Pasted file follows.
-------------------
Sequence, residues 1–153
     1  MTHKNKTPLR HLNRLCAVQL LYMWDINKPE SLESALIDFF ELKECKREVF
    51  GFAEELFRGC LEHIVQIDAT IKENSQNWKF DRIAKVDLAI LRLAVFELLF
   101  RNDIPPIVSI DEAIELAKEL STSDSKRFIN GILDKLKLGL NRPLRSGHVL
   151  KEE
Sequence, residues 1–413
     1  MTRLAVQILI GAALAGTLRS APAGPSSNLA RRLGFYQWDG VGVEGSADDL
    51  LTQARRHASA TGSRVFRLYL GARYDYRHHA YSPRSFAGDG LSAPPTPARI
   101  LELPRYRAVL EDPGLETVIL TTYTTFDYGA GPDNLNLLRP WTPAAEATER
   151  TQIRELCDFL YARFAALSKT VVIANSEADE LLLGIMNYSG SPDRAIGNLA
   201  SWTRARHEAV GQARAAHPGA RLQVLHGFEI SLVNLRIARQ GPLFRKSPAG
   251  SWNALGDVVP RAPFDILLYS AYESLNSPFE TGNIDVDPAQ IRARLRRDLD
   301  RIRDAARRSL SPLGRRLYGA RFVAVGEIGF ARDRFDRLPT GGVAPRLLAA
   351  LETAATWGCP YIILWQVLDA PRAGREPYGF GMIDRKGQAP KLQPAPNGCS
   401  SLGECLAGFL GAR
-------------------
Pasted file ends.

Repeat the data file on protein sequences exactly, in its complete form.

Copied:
Sequence, residues 1–153
     1  MTHKNKTPLR HLNRLCAVQL LYMWDINKPE SLESALIDFF ELKECKREVF
    51  GFAEELFRGC LEHIVQIDAT IKENSQNWKF DRIAKVDLAI LRLAVFELLF
   101  RNDIPPIVSI DEAIELAKEL STSDSKRFIN GILDKLKLGL NRPLRSGHVL
   151  KEE
Sequence, residues 1–413
     1  MTRLAVQILI GAALAGTLRS APAGPSSNLA RRLGFYQWDG VGVEGSADDL
    51  LTQARRHASA TGSRVFRLYL GARYDYRHHA YSPRSFAGDG LSAPPTPARI
   101  LELPRYRAVL EDPGLETVIL TTYTTFDYGA GPDNLNLLRP WTPAAEATER
   151  TQIRELCDFL YARFAALSKT VVIANSEADE LLLGIMNYSG SPDRAIGNLA
   201  SWTRARHEAV GQARAAHPGA RLQVLHGFEI SLVNLRIARQ GPLFRKSPAG
   251  SWNALGDVVP RAPFDILLYS AYESLNSPFE TGNIDVDPAQ IRARLRRDLD
   301  RIRDAARRSL SPLGRRLYGA RFVAVGEIGF ARDRFDRLPT GGVAPRLLAA
   351  LETAATWGCP YIILWQVLDA PRAGREPYGF GMIDRKGQAP KLQPAPNGCS
   401  SLGECLAGFL GAR